ISTANBUL — Iran’s Supreme Leader on Tuesday ruled out direct negotiations with the United States, a day after President Donald Trump stopped short of directly blaming Iran for a major attack on Saudi Arabian oil installations, allaying, at least for the moment, fears of a military conflict between the two countries.

The comments by Supreme Leader Ayatollah Ali Khamenei appeared to rule out a face to face meeting between Trump and Iranian President Hassan Rouhani at the United Nations next week. “All the officials in the Islamic Republic unanimously believe that there will be no negotiations at any level with the United States,” Khamenei said, according to remarks published on his website.

He said that if the United States returned to the nuclear deal Tehran struck with world powers, then it could take part in negotiations with Iran along with the agreement's other signatories.

Khamenei’s comments came after officials in Washington and Riyadh spent the day analyzing satellite photos and other intelligence that they said indicated that Iranian weapons were used in the assault on the Saudi Aramco facilities. But they presented no new information that would conclusively show that Iran directed or launched the attack, which Saudi officials said led to a 50 percent reduction in oil production.

U.S. officials rejected claims by Houthi rebels in Yemen, who receive Iranian support, that they had launched the strike Saturday, describing it as more sophisticated and powerful than anything the rebels could accomplish on their own.

But neither Trump nor Saudi leaders would say unequivocally that Iran was responsible.

"It's looking that way," Trump told reporters in the Oval Office, during a meeting with Bahrain's crown prince. "As soon as we find out definitively, we'll let you know."

Trump’s reluctance to assign blame appeared to reflect his long-standing desire to keep the United States out of wars, despite his tweet Sunday that the United States was “locked and loaded depending on verification.”

"I'm not looking to get into new conflict, but sometimes you have to," Trump said Monday.

Trump didn’t rule out a military response but made clear that the Saudis would take the lead — and pay the bill.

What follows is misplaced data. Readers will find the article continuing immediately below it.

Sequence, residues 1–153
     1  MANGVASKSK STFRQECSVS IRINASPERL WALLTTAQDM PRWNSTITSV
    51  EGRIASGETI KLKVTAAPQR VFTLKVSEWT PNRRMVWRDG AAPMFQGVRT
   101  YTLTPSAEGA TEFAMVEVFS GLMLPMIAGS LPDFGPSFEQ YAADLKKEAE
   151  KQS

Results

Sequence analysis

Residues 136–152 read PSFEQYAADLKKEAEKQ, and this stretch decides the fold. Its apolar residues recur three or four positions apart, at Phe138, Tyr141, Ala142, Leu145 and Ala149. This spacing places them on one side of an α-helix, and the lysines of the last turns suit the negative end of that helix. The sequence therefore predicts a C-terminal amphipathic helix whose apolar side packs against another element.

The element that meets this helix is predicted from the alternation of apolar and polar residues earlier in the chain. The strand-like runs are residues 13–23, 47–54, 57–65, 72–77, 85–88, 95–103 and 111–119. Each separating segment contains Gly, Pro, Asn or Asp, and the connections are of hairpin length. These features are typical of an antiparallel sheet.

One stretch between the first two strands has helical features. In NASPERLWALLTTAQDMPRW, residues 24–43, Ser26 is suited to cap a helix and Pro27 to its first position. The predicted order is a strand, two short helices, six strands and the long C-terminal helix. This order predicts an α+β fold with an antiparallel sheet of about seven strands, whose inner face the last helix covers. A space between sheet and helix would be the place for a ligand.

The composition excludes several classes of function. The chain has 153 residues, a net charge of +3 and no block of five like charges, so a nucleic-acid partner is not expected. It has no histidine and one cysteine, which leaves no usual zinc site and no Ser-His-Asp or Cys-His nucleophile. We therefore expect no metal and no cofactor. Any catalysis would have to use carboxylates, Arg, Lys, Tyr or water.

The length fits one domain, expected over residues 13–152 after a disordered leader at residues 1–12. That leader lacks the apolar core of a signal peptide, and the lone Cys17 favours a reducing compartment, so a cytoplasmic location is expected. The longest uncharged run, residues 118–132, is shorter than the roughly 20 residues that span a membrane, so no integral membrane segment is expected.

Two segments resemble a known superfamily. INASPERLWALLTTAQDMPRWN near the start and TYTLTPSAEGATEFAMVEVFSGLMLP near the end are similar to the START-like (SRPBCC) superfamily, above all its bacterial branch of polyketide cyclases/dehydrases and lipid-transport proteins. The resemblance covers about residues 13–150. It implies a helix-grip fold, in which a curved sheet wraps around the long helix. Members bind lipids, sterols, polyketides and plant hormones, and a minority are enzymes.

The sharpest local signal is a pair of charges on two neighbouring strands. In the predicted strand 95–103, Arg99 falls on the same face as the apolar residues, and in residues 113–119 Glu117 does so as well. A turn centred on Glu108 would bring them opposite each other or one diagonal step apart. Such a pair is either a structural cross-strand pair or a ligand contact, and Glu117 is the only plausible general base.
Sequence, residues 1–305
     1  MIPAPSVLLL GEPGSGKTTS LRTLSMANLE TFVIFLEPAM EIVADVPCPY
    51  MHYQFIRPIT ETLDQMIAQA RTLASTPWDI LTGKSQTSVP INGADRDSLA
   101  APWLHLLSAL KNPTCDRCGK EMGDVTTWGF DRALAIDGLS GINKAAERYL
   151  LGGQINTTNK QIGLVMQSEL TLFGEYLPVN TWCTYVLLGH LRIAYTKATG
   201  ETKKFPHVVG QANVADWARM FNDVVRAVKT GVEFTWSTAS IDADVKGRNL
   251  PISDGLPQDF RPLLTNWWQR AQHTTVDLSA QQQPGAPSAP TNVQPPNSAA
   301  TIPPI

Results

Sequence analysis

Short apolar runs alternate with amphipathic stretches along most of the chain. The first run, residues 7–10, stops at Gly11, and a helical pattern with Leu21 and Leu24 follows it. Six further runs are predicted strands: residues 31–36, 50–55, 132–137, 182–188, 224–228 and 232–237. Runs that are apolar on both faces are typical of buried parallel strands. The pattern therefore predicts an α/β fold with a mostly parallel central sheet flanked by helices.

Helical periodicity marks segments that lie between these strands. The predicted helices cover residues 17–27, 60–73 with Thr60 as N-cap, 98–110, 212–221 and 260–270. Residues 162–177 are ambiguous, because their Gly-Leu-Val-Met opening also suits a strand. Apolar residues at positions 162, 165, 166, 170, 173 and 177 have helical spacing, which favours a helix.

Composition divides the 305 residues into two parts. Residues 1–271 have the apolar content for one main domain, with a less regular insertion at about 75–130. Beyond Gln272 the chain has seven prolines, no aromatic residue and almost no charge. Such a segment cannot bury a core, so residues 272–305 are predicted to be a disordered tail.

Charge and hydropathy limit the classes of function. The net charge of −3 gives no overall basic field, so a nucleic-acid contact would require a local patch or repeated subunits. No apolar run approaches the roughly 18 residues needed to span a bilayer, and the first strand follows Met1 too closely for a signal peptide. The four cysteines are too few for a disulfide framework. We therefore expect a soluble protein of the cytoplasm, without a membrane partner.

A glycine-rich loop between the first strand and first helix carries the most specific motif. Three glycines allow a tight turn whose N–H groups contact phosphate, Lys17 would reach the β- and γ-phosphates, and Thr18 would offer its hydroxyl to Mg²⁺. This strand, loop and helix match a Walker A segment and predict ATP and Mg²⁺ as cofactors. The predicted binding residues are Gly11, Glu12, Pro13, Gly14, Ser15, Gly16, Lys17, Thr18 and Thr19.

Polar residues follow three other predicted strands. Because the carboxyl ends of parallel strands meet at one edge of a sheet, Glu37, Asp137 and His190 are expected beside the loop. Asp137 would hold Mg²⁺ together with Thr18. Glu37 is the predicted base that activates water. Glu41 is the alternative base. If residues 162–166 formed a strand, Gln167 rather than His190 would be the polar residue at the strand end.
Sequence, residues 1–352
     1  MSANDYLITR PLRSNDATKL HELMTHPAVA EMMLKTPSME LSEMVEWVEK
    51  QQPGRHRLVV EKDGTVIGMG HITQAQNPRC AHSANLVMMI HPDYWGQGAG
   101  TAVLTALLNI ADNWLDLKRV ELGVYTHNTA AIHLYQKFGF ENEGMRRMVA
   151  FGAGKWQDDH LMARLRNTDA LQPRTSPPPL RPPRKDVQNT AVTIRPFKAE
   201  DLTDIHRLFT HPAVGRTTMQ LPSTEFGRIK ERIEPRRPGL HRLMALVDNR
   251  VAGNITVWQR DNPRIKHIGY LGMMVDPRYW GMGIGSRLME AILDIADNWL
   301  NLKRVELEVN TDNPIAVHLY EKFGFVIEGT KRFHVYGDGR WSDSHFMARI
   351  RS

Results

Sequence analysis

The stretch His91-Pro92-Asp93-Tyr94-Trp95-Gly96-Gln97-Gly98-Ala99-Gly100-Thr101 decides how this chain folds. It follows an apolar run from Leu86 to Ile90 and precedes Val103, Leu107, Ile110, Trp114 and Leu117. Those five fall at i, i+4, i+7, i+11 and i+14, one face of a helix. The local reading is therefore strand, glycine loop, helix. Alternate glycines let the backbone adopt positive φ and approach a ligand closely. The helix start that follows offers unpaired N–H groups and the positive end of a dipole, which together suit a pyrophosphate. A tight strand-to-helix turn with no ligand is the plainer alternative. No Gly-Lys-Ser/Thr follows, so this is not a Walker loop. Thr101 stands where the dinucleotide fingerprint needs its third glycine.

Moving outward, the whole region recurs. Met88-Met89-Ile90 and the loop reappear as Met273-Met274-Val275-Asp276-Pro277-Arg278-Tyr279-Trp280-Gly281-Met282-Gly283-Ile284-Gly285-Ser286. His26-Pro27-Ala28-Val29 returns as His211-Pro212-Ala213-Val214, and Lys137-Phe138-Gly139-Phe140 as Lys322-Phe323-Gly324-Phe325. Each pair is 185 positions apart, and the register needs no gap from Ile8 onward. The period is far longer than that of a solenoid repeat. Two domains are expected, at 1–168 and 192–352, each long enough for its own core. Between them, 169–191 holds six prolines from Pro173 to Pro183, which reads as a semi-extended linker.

"The fact is that the Saudis are going to have a lot of involvement in this if we decide to do something. They'll be very much involved, and that includes payment," Trump said.

For their part, Saudi officials affirmed that Iranian weapons were used in the attack but also stopped short of singling out Iran in statements that appeared to reflect fears across the Persian Gulf of a wider and more violent conflagration.

Col. Turki al-Malki, the spokesman for the Saudi-led coalition fighting in Yemen, said initial investigations into the strikes on the oil facilities had found that “these weapons are Iranian weapons.” He added that the attacks “did not originate in Yemeni territory as claimed by the Houthi militias.”

Malki said that investigators were continuing to determine the origin of the attacks and that the final results, including a display of weapons remnants, would be publicly shared "soon."

"We have the ability to secure vital and economic installations," Malki said. "But we are dealing with a terrorist attack from terrorist groups."

A Saudi Foreign Ministry statement released later Monday said the kingdom was inviting United Nations and international experts "to view the situation on the ground and to participate in the investigations."

"The Kingdom will take the appropriate measures based on the results of the investigation, to ensure its security and stability," the Foreign Ministry said in its statement, which also called for an international response to what it deemed a threat to "global energy supplies."